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Tuberculosis, Warlock Moon
and Camp Arroyo

By Anne Homan
October 26, 2006

Before the advent of antibiotics and the understanding of germ theory, the contagious disease tuberculosis, or consumption, was a significant killer of people of all ages. In 1900 the major cause of mortality in San Francisco was tuberculosis, the cause of 1,132 deaths. Heart disease was second with 619 deaths. Alameda County opened a sanatorium for tuberculosis cases on 258 acres in the foothills along the Arroyo Del Valle in February 1918. Named Arroyo Sanatorium, the hospital was five miles south of Livermore in an open woodland area.

The Livermore Valley climate is drier than portions of Alameda County closer to the bay. This was considered good for TB patients. At this time, the treatment for TB was bed rest and open air.

By 1922 there were 60 staff members and 175 patients at Arroyo, including 40 children. The greater majority of the patients were non-paying. Paying patients were only admitted if there was no waiting list. For paying clients, the cost was $75 per month.

Even those adults who were bed patients worked at occupational therapy. As their health improved, they had extended activities in occupational therapy or enrolled in industrial training classes, for example printing, sewing, barbering, or wireless radio. They were also encouraged to take correspondence courses in such diverse subjects as English, salesmanship, journalism, and bookkeeping.

Mary Henriques’s family moved to Livermore from the Modesto area in 1934 when her father was diagnosed with tuberculosis. He was a patient at Arroyo. Mary remembered visiting the sanatorium grounds as a small child and eagerly watching the window where her father stood and waved at her from the second floor.

In 1924 after funds from the sale of Christmas Seals made it possible to buy more property, the sick children had a separate set-up at the same site called Del Valle Farm. Supported by the Alameda County Tuberculosis Association, the Farm included an in-house school with instruction supervised by the county school superintendent.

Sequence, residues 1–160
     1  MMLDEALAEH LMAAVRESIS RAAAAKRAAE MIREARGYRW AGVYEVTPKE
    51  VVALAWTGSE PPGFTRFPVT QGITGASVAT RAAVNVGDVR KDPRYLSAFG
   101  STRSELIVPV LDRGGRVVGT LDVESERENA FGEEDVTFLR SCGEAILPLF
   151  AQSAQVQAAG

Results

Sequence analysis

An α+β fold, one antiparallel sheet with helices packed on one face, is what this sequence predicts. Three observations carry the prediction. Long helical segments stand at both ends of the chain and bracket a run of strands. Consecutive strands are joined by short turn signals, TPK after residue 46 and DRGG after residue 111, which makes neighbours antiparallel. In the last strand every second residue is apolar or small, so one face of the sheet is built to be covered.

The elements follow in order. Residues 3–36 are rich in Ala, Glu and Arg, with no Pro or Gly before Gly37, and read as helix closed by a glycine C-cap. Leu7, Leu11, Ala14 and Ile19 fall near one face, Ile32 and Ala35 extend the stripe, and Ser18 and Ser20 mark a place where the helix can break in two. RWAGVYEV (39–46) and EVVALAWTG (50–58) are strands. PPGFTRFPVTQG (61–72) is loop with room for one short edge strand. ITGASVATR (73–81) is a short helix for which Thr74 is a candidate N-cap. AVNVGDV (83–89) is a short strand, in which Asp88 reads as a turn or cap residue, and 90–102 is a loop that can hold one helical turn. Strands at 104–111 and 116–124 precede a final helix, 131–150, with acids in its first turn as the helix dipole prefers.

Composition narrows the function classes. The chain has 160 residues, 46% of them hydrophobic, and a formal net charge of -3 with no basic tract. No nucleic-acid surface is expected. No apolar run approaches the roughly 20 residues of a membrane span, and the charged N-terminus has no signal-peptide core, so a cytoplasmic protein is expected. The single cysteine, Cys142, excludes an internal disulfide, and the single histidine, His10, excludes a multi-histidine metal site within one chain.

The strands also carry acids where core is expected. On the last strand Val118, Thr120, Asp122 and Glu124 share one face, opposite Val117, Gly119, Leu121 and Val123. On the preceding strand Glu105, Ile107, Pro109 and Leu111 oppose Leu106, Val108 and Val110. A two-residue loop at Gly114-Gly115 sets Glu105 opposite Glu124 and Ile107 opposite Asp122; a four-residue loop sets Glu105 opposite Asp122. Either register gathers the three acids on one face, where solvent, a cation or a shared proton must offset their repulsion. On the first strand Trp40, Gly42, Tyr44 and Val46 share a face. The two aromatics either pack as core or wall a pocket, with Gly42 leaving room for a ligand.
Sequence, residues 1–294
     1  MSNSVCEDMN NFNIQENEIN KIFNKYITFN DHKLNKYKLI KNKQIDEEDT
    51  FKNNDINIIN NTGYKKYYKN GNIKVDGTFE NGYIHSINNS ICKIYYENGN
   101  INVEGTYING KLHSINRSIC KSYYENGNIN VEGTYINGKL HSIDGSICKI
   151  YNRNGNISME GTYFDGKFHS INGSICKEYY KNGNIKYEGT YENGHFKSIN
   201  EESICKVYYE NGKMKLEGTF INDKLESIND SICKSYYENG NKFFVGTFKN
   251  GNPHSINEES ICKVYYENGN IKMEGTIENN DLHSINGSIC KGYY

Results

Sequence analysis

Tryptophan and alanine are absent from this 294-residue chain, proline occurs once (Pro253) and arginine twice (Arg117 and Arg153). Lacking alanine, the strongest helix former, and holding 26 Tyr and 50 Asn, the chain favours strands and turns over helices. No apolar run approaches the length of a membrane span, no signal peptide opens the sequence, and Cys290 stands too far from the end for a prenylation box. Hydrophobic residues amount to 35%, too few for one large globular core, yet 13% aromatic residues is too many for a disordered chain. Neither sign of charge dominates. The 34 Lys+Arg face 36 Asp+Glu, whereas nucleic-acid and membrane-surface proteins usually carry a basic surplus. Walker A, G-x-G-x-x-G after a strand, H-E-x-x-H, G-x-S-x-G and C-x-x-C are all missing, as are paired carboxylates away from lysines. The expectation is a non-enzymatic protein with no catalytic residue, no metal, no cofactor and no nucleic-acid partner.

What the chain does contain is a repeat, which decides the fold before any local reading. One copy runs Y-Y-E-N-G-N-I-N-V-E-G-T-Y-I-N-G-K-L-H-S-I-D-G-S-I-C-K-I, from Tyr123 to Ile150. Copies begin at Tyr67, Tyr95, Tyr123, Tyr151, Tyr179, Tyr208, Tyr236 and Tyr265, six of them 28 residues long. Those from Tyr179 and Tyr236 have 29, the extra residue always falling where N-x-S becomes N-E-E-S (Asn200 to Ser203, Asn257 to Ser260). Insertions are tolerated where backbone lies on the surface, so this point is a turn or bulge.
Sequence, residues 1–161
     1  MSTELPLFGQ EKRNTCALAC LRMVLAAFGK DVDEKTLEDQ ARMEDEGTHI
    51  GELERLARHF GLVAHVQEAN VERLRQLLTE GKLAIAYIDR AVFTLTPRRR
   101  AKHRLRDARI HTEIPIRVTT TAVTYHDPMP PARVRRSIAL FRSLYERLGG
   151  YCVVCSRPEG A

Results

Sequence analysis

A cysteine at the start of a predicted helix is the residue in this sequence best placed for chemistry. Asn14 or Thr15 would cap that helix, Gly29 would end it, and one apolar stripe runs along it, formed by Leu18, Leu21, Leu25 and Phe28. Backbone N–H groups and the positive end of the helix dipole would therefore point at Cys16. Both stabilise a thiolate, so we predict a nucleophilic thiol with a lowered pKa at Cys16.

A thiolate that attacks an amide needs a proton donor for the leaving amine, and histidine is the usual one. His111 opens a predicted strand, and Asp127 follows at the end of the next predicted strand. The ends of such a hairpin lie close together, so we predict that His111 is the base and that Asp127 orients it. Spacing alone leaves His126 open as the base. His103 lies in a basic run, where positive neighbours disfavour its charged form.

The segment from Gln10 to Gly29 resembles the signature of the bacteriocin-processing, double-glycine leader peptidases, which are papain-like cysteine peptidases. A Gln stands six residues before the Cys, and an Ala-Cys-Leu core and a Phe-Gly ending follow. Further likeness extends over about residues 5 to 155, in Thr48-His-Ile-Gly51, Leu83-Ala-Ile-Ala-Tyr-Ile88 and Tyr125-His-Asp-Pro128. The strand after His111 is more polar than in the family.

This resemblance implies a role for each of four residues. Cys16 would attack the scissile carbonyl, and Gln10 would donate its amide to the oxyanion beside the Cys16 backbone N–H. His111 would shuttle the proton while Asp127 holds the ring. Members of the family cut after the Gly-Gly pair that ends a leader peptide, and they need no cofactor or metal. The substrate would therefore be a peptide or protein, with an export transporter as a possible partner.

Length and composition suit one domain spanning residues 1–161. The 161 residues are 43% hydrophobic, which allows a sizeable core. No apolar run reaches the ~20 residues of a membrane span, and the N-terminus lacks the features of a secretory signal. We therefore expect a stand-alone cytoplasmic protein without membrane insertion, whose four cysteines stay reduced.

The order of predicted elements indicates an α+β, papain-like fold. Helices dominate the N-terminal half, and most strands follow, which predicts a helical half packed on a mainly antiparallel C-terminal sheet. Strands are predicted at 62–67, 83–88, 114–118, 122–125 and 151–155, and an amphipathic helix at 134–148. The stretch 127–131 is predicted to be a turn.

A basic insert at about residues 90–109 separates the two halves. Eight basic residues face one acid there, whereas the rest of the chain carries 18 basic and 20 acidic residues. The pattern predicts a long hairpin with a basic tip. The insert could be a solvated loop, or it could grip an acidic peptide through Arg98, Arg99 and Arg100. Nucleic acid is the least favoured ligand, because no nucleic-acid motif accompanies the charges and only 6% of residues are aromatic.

In 1960 Herald reporter Joan Agar interviewed Alice Klus, who taught school there for years and “recalled the days when fresh air was thought a help to cure, and patients’ beds were on open porches. In the winter, she taught school wearing sweaters, galoshes, knitted cap, mittens, a warm coat over all, and the inevitable face mask, which had to be changed as she went from building to building.”

Dr. Grace Devnich remembered especially the plight of the children. “They were hard to calm down on Sunday night because their parents were allowed to visit them … only on Sundays could they have visitors. Those children wanted their family.”

According to a 1922 article written by Dr.Chesley Bush, medical director from 1919 to 1949, the sanatorium grounds were used to raise hay and alfalfa for the county dairy at San Leandro, as well as vegetables and fruit for the patients.

In 1945 a young doctor at the sanatorium received permission to treat a patient with the new drug streptomycin. Although the prognosis had been for only a few more days of life, the woman was completely free of the disease three months later.

With the nationwide development of antibiotics and with new procedures for lung surgery, long periods of bed rest in the open air were no longer needed for tubercular patients. The last patient left the Arroyo Sanatorium on August 23, 1960. In its 42 years it had cared for more than 10,000 patients.

The buildings lay vacant for many years. Young people from the Livermore area would sneak into the deserted grounds at night and frighten themselves with spooky stories. The movie Warlock Moon was filmed on the site. Finally, the county assigned the property with its crumbling buildings to the East Bay Regional Park District.

In 1998 the Taylor Family Foundation (TTFF), a private non-profit organization, partnered with the park district to plan Camp Arroyo on the remaining 138-acre sanatorium property. Construction began in September 1999 with the destruction and clearing of most of the old building remnants. A new dining hall, swim complex, and 12 cabins were completed by the spring of 2001.

Each summer the residential camp is open without charge to children from Northern California with life-threatening illnesses and disabilities. According to TTFF’s web site, the hope of the staff is that these children will “build self-esteem, experience the joys of camaraderie and build long-lasting friendships in a supportive environment.”

During school months, the YMCA East Bay uses the site to present educational programs about the environment to local elementary school children. The camp is ideal for this study because the buildings were designed with “green” technology. Bathhouse walls were made of rammed earth from the site. At the time of its construction, the dining hall was the largest building made of straw bales in the United States.

This beautiful site in the hills is in use once again as a place of healing and hope.

( Readers can reach me via e-mail at

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